The ratification of the U.S. Constitution was anything but a slam dunk. Both during and after the Constitutional Convention in Philadelphia, two camps emerged that maintained distinct ideas as to how the new nation should govern itself. These differences would set the tone for a lively process of debate leading...
The ratification of the U.S. Constitution was anything but a slam dunk. Both during and after the Constitutional Convention in Philadelphia, two camps emerged that maintained distinct ideas as to how the new nation should govern itself. These differences would set the tone for a lively process of debate leading up to ratification itself.
Under the rule of King George III, the American colonies found themselves as little more than a "cash cow" for the English monarchy. As England attempted to regain the money lost during the defense of her colonies during the French and Indian War with taxes, colonial leaders rallied around the cry of "no taxation without representation."
While many of the taxes were not overly oppressive, they demonstrated the total control the monarchy maintained over her colonies. This strict governmental control would be a significant factor when the first written plan of government—the Articles of Confederation—was drafted for the newly formed United States of America.
The Articles were intentionally made to be very relaxed, and the central government maintained no legitimate control over the individual states. This period in our history was known as "The Critical Period" because we meandered through the 1780s with no real central government.
By 1787 it was obvious the government would have to be revamped, and from the Constitutional Convention came a document that created a much stronger central authority that could manage and maintain a higher level of control over the states of the Union.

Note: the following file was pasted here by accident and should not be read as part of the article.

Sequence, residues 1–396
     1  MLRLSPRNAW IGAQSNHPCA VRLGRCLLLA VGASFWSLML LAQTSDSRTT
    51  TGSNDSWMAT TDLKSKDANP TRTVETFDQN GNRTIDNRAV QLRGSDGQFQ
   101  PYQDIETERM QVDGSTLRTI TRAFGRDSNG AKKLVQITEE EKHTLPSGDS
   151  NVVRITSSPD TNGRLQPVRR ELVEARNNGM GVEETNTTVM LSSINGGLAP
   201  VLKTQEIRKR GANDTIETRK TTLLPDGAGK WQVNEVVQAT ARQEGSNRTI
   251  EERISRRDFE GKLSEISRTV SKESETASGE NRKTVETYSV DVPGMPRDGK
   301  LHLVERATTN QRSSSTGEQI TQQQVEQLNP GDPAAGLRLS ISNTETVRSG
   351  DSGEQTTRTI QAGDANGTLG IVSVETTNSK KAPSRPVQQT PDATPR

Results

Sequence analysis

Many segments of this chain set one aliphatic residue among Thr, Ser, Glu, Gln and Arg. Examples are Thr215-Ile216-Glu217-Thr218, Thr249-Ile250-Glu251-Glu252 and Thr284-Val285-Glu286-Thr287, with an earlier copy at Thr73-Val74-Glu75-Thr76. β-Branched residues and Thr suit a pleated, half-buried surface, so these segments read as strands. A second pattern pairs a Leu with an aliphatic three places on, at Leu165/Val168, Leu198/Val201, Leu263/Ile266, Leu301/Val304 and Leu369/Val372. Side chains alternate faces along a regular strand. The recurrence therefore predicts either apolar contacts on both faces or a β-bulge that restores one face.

Without question, not everyone was happy with this development. For the Constitution to be ratified and become the law of the land, 9 of the 13 states would have to approve it. This set in motion a series of debates between those in favor of a much stronger central authority (Federalists) and those who favored more control to the states (Anti-Federalists).
One of the major problems the Anti-Federalist camp had with the Constitution was the fact it did not include any protections of individual freedoms. Eventually, the Anti-Federalists were successful in securing a Bill of Rights to express, in writing, the personal liberties that would become the foundation of the country.
The Federalists campaigned for ratification through persuasive pamphlets called "The Federalist Papers." These papers attempted to address the concerns of the Anti-Federalists and are today considered classic historical writings.
In the end, the Federalists were successful—no doubt helped along by support from such highly esteemed people as George Washington and Ben Franklin. Among the more well known Anti-Federalists were Patrick Henry and Thomas Paine. The debate concerning strong government versus a more relaxed government continues to this day.